12. The Next Political Economy?
To finish with a little speculation about the future New Zealand political economy. While it has transformed from one dominated in the first two-thirds of the twentieth century by the pastoral sector into a more diversified one, there is still an underpinning resource base for most of the major industries: tourism, dairy products, meat products, forestry, horticulture, fish products, wool minerals and energy. It is broadly a food, fuels fibre, and ‘fisitors’ tectonic plate.
If I have understood the Growth and Innovation Strategy aright, the government – without abandoning the resource based industries – wants to accelerate the roles of human capital and creativity.
To understand how this fits into the international trading pattern – I am now no longer describing the government’s strategy but interpreting and extending it – recall that there exports grow faster than output. Now there is nothing inherent about exports that their income elasticity of demand should be substantially greater than unity (except perhaps because of novelty). What seems to be causing the rapid growth in changes in the patterns of the location of production.
Today, about a quarter of the world’s trade is in oil, a quarter in primary products, and a quarter in general manufactures which are traded according to the rules of comparative advantage. The final quarter of world trade involves intra-industry trades, which occur when the two countries trade broadly the same goods or services – say the French buying Volkswagens and Germans buying Renaults. There was negligible intra-industry trade immediately after the war, so this is the fast rising part of international trade. That may be a major factor in the rising share of exports in production and imports in expenditure.
Intra-industry trade is governed by the rules of competitive advantage not comparative advantage. Its theory is a recent one. It is based upon products which are similar but can be differentiated by the market – Renaults and Volkswagens, it involves economies of scale in production and other advanced technologies, and it is driven by the falling costs of distance.
New Zealand has probably the poorest intra-industry trade record in the rich OECD. An issue is whether New Zealand can get into intra-industry trade – exporting pharmaceuticals to Europe, software to the US, films to Hollywood, while, of course, also importing pharmaceuticals from Europe, software from the US, films from Hollywood. A way of interpreting the ‘innovation’ part of the Growth and Innovation Strategy is it aims to create industries involved in intra-industry trade which are small tens, and grow them strongly enough to become the big sevens. This upwelling of a new political economy tectonic plate need not subduct the diversified resource plate. There may be synergies between them – to mix metaphors.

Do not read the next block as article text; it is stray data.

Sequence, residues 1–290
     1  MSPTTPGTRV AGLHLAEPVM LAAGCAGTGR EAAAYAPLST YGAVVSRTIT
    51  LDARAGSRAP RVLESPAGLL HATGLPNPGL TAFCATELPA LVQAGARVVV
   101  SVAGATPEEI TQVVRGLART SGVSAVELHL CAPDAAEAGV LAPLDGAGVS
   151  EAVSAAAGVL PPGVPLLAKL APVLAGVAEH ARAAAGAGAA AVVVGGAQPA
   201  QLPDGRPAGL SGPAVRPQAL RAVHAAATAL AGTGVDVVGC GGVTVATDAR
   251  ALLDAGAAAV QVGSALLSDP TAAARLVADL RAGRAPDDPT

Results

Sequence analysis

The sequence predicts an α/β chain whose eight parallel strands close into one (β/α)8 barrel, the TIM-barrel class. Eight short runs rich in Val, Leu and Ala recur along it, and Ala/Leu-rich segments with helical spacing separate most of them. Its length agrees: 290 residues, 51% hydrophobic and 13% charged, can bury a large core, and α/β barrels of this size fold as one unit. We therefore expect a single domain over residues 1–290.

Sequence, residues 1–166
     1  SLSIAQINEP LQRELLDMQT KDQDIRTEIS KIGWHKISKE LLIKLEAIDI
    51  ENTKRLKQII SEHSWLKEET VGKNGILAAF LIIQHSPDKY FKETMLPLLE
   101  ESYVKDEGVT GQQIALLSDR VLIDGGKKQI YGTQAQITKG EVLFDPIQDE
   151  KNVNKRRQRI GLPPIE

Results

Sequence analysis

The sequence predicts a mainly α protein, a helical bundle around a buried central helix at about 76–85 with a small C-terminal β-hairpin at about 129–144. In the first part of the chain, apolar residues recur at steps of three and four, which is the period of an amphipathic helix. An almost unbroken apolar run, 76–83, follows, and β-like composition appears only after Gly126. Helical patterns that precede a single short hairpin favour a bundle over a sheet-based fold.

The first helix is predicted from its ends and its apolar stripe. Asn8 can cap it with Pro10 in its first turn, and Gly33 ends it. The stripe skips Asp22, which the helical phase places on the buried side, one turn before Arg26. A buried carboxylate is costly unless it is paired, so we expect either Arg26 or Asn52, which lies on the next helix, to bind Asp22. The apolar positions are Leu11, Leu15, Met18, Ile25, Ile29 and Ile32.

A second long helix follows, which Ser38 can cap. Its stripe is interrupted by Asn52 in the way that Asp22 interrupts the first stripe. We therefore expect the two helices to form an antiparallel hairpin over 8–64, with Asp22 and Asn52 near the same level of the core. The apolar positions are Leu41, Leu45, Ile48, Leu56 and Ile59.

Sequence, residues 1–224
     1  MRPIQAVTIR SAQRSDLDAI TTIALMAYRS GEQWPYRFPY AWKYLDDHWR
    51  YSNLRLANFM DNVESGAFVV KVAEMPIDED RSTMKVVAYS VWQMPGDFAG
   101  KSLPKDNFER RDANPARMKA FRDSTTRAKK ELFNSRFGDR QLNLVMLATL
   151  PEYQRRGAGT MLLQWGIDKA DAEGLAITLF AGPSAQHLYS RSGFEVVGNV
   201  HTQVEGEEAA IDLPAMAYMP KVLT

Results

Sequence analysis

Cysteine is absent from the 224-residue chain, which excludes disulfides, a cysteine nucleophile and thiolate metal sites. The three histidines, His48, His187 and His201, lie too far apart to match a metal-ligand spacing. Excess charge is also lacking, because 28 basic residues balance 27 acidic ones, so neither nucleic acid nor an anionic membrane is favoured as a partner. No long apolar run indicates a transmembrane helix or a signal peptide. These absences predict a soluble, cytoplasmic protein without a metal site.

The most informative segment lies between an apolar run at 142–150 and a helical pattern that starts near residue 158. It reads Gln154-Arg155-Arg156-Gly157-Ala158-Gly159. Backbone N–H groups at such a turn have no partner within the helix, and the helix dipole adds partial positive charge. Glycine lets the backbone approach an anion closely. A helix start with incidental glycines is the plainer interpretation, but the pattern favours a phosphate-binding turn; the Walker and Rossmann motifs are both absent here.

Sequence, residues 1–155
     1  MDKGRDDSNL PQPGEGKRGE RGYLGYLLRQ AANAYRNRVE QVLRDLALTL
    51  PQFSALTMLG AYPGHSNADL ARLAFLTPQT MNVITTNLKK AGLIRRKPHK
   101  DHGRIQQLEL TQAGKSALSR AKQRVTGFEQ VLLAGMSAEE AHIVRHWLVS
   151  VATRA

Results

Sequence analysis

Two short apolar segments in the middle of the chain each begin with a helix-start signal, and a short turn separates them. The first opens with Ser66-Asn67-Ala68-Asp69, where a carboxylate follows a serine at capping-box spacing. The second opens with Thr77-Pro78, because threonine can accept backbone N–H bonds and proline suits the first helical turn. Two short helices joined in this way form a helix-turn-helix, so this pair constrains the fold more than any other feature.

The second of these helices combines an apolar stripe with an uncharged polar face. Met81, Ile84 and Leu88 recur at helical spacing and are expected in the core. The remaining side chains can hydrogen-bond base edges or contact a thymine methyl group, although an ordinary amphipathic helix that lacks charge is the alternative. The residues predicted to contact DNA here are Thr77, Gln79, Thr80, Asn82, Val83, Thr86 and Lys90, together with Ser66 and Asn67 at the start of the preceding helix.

Whether we are economic theorists or practical policymakers we are feeling our way about the significance of competitive advantage and intra-industry trade. Much of my research program over the next few years is trying to understand it. So I conclude with the more fundamental messages with which has pervaded this paper.
Even narrow economists should not think about the growth process solely at the aggregate level. One has to think about it sectorally, including about what is happening to product prices and factor prices (including profitability).
More fundamentally, economic development is different from economic growth. It is not simply about increases in aggregate output. but about the changes in the mix of sectoral outputs, the products consumed, the production technologies used, the way the economy and society is organised, and the way people live.
APPENDIX II: Recent Developments in the Terms of Trade
(Chart 8 is reproduced here to save returning to Part I.)
Preparing this paper, I extended the Commodity Terms of Trade (TOT) graph of In Stormy Seas (Figure 5.1, page 76) a further eight years in Chart 8. I am now inclined to see a lift in the terms of trade from the late 1980s. There may be even an upward trend from then. At this stage it is speculation as to why this has happened – noting the composition of exports and, to a lesser extent, imports has changed greatly over the years. Among the reasons for the TOT recovery which occur to me are
– the third oil shock dropped the price of oil without depressing our pastoral export sales to oil producers;
– the world trade reforms may beginning to benefit agricultural prices (while the rationalisation of export support in New Zealand may have reduced its supply on the margin and raised pastoral prices);
– the commodification of manufacturing in East Asia may be pressing down prices to the benefit of resource producers; and
– the productivity gains in the ICT manufacturing industry from technological innovation has been reducing its product prices.
Whatever, the implications are that there was a TOT recovery during the latter part of the Great Stagnation and it has continued. Without it, the stagnation may have been even more prolonged. This may explain something I had noticed, but had not resolved. The 1966 TOT shock and the 1985 Real Exchange Rate shock appear to be roughly of similar magnitude, but the stepdown from by the latter appeared to be only about two thirds of the stepdown of the former, (11 percent of the GDP track vs 18 percent of the GDP track). But the TOT lift of the late 1980s might represent a stepup of, say, 9 percent of the GDP track, about half the magnitude of the 1966 stepdown. That suggests that without the TOT lift, the 1985 Real Exchange Rate shock had a similar impact to the 1966 shock.
Clearly I have more work to do.